'Natural' menopause aid touted in best seller is disputed


Menopausal women, scared off traditional hormone therapy by studies showing the pills cause breast cancer and heart disease, are seizing on another approach: "bioidentical" hormones.

A recent best-selling book gave a huge impetus to bioidentical hormones, saying the "natural" substances can cure the insomnia, irritability and indifference to romance that often accompany menopause.

And many converts believe these hormones are safe because they have the same molecular structure as the hormones their bodies produce.

Bioidentical hormones tend to be made up by pharmacists according to a doctor's prescription, which makes women feel that the dose is tailored to fit their individual needs.

Bioidenticals also seem more natural because they are derived from plants such as yams and soy, unlike one of the most common conventional hormones, Premarin, which is made from the urine of pregnant mares.

But experts say there's nothing natural about high levels of sex steroid hormones - estrogen, progesterone and testosterone - in women who are past their childbearing years. And the "natural" products are made in laboratories, just like "synthetic" hormones.

Most important, they say, women could be fooling themselves if they think their new treatments are any safer than the ones they abandoned.

Bioidenticals may have fewer risks, they say - but there's no evidence.

"They haven't proven safety and efficacy," said Dr. Wulf Utian, a reproductive endocrinologist at the Cleveland Clinic and director of the North American Menopause Society. "It's misleading to reassure people it's safe without having proven it's different from what's already available."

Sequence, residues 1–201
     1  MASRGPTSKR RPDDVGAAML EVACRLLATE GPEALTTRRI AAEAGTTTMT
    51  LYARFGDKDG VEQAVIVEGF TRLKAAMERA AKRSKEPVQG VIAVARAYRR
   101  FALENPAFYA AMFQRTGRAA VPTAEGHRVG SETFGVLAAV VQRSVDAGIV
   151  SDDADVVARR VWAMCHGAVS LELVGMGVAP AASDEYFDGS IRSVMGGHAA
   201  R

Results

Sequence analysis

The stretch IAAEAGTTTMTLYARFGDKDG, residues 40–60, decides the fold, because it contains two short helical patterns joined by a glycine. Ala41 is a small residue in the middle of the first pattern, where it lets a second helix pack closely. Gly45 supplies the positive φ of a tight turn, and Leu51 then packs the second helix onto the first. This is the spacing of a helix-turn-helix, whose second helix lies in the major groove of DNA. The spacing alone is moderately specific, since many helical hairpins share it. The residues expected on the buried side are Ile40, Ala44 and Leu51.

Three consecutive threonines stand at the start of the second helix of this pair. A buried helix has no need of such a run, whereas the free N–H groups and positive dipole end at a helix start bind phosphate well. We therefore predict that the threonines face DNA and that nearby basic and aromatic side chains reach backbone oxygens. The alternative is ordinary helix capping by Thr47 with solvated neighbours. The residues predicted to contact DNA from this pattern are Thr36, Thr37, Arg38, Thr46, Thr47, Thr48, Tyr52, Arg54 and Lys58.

Nevertheless, many women undergoing bioidentical hormone therapy believe it's safer than conventional medication.

"I don't worry about the health effects because it's close to what the body produces," said Diane Schafer of Crown Point, Ind., a patient of BodyLogicMD, a Chicago medical practice that specializes in bioidentical hormone therapy. Schafer had been overweight, depressed and unable to sleep and had dangerously high cholesterol, but now she says she feels much better.

Joyce Kyce of La Grange Park, another devotee of BodyLogicMD, acknowledged that "every medication probably has some risks." But she added, "I feel [bioidentical hormone therapy] is safer."

In fact, a small study from the University of Oregon found that 71 percent of women believe these products have fewer or no risks compared with conventional hormones.

The only way to prove they're safer would be to randomly assign thousands of women to receive either conventional hormones or bioidenticals and then follow them for years to see how many in each group develop serious health problems. That would be prohibitively expensive.

All the hormones that go into bioidentical compounds are approved by the federal Food and Drug Administration. But because they've been around for decades, there's no way to patent them except by developing a new delivery system. Only then would a drug company be motivated to conduct expensive studies to prove to the FDA that the new medication is safe.

A large federally funded trial, the Women's Health Initiative, reported this year that Premarin, a popular estrogen preparation, caused a higher rate of strokes in post-menopausal women than a dummy pill. Earlier, the WHI found that Prempro, a combination of Premarin and a synthetic progesterone, or progestin, caused breast cancer and heart attacks, as well as strokes.

As a result of the WHI study, sales of Premarin and Prempro plummeted, and other commercial hormone preparations suffered, too.

Although the trial was confined to those two drugs, WHI researchers said the results should be assumed to apply to other hormones until proven otherwise. But advocates of bioidenticals say their products cannot be compared to estrogen from horses and to a progestin that's known to increase bad cholesterol and make breast cells multiply.